In the second of David Montegriffo’s Entreneurship series, where he looks at the ins and outs of setting up a business in Gibraltar, today he discusses Intellectual Property Rights and Beyond – practical ways to protect your ideas and creations.
Start-ups often over-enthusiastically share big news and successes with the world and thereby risk sharing sensitive information. There are various measures which can be implemented in order to protect their valuable intellectual property.
In a general sense, intellectual property is a broad term referring to creations of the human mind – an intangible asset which is the outcome of creative processes. This includes artistic works, literary works, designs, and inventions. The main categories of intellectual property rights are: trade marks; patents; designs; copyright; and trade secrets. This is a nuanced area of law and the appropriate protections will depend on the type of intellectual property held.
Ensuring any relevant registrations are in place.
Registration of IP rights
Certain forms of intellectual property require registration in order to ensure that they are suitably protected. Registration creates a public record of ownership and will prevent others from exploiting the same or similar rights. Registration requirements will vary between jurisdictions and, in some cases, there are international registries which provide for protection across various countries (e.g. the EU Intellectual Property Office). Registration will not be required for all creations, so it is important to understand which form of rights you are trying to protect before you proceed with any attempts to register – it is always useful to discuss with a lawyer at the earliest opportunity.
Register trading names, product names and domain names
Further protections include registering a company’s trading name, product name or a particular domain name associated with the business. These names form an integral part of a business’ brand. Businesses with an international focus will also need to secure registrations in each jurisdiction where they are operating. In cases where your business is expanding internationally, it is possible that the name used in your home country is already taken in the new jurisdiction. In such circumstances, the business will be precluded from conducting business under that name in the new jurisdiction (unless it is able to reach an agreement with the holder of the existing name). A classic example of this issue is seen in Burger King’s expansion into Australia. Burger King was unable to reach a deal with the existing holder of the name (a local food shop) and were therefore left with no other choice but to use an alternative name of “Hungry Jacks” when operating in the Australian market.
Put the right agreements in place.
A common (and potentially costly) error often made by entrepreneurs involves failing to secure the rights to work which they have commissioned. Where an external party is approached to create work for a business (e.g. logos, software etc), the transfer of the intellectual property rights should be explicitly covered within the contract. Without these points set out in contract, the ownership of the creation will not automatically transfer to the business and the commissioned designer will retain the rights over the work.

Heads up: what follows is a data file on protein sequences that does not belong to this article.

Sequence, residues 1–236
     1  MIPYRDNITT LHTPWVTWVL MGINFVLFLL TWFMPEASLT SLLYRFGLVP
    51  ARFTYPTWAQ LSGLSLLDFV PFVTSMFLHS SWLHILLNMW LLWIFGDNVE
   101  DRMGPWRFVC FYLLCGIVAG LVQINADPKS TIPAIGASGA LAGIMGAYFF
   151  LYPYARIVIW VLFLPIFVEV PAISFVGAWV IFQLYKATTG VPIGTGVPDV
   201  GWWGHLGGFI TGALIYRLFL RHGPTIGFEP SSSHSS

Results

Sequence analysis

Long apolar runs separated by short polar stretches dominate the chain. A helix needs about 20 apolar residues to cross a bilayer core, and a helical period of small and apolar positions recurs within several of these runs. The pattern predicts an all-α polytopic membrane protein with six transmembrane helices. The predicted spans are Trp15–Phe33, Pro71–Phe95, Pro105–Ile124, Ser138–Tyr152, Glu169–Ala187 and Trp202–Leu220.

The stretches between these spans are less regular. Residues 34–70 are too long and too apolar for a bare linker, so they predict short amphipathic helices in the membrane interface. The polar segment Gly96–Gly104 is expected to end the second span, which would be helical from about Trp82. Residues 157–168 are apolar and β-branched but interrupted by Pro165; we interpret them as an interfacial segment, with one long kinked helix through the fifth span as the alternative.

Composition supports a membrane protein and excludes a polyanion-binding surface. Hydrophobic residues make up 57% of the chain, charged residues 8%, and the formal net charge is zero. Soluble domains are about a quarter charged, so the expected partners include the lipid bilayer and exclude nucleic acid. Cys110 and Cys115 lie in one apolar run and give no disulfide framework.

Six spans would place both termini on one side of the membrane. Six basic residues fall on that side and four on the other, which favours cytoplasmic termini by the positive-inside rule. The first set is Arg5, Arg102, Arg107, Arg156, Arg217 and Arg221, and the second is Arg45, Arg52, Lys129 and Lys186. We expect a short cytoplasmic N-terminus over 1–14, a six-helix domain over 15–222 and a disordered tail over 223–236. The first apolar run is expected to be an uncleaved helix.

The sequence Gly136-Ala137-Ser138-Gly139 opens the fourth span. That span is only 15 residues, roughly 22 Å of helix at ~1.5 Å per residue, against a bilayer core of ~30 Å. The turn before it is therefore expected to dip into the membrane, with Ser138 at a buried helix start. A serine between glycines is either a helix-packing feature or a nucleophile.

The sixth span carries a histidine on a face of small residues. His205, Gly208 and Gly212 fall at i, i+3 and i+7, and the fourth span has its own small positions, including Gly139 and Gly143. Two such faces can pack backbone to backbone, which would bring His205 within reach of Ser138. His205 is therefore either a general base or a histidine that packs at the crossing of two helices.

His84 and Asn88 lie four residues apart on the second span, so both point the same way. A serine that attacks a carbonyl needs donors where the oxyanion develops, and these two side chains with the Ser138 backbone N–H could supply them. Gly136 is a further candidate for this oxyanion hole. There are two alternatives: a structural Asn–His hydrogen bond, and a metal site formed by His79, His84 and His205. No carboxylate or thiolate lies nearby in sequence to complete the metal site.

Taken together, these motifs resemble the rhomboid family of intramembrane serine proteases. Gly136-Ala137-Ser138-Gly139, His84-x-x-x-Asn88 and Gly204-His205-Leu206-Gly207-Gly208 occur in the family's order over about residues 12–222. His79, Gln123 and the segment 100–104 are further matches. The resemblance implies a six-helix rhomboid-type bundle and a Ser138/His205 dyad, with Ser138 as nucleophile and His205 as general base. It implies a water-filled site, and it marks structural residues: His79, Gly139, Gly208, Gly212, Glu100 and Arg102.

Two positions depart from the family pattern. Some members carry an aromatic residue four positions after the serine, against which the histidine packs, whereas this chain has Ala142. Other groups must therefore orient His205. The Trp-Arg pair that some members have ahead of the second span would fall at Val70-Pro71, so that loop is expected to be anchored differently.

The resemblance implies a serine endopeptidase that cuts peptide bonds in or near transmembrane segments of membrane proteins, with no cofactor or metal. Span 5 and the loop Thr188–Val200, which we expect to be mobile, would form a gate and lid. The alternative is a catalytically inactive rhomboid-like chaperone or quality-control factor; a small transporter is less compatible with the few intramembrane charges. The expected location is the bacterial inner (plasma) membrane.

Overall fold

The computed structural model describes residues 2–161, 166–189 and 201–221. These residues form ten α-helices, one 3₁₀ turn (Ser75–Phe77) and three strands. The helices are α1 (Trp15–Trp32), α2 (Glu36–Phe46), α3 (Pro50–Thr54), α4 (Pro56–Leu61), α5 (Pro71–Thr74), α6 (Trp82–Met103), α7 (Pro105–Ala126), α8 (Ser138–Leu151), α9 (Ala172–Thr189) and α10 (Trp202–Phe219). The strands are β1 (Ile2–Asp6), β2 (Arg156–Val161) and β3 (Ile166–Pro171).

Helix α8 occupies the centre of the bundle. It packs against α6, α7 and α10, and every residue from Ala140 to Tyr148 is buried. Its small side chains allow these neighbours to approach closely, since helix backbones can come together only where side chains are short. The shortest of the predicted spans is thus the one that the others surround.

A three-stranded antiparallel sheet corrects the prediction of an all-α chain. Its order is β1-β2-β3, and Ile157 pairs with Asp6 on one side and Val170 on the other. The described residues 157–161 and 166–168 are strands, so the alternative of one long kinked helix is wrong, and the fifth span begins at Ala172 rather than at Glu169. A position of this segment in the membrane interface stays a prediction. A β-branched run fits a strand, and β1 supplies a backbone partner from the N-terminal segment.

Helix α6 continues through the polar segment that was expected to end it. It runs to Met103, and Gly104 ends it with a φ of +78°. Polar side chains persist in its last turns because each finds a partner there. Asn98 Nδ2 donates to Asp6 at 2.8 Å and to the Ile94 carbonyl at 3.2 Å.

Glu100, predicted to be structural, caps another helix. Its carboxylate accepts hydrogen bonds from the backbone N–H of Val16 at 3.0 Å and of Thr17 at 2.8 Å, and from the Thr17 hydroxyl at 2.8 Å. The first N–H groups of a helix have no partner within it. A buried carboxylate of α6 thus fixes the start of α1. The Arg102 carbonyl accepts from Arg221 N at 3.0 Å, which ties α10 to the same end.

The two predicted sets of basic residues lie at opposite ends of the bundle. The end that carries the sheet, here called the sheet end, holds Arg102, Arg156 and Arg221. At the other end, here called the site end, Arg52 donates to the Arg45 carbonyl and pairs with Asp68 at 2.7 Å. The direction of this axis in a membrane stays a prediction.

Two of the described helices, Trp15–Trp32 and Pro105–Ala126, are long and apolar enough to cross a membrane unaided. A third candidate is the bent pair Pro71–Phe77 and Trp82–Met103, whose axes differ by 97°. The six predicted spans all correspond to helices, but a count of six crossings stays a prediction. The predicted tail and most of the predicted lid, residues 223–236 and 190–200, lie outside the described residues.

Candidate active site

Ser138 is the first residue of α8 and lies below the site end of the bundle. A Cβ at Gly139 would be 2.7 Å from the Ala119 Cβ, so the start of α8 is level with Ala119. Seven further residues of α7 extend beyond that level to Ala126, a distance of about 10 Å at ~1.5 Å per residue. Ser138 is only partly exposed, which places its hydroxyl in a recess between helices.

In other cases, information can leak out through team members or as part of discussions with prospective investors. Where information is disclosed without adequate protections in place, someone else may go ahead and begin using it. A common method used to protect sensitive information or trade secrets is through non-disclosure agreements (known as “NDAs”) which set out the specific scope in which the relevant parties can use the confidential information. An NDA should be drafted broadly enough in order to cover any deliberate or inadvertent disclosure of the information which it is seeking to protect.
Use common sense.
Implement security measures
There are common sense measures which can protect a valuable idea, the most obvious being to limit the number of people who have access to sensitive information. We are all familiar with the stories (probably myth) surrounding Coca-Cola and how only two individuals know the recipe (and are unable to take the same flight). Although the Coca-Cola example may be extreme, it is good practice for a business to avoid oversharing sensitive information and to keep detailed records of who can access confidential information.
Further, keeping physical files in locked drawers and safes and ensuring that the relevant premises are protected by CCTV will be a practical step in the right direction. Digital solutions such as firewalls, robust passwords or data encryption will also be helpful.
Document your creations
Copyright is a protection covering a creator’s original works – this could relate to literary works, film, music and software. Rights existing under copyright laws cover original work that is tangible and fixed (whether in a song, film, book, photographs etc). In order to benefit from this protection, it is important to be able to demonstrate that you are the creator of the original work. The easiest way to prove this would be to keep thorough records of when and where the original work was created. Using time-stamped methods to record your work (or initial draft versions) will assist a court in determining that your original work pre-dates that of a copy-cat or a party claiming they are the original creator. With this in mind, you could take a digital photo of your work or send it to yourself via email.
In the next instalment, David looks at Shareholder Relationships.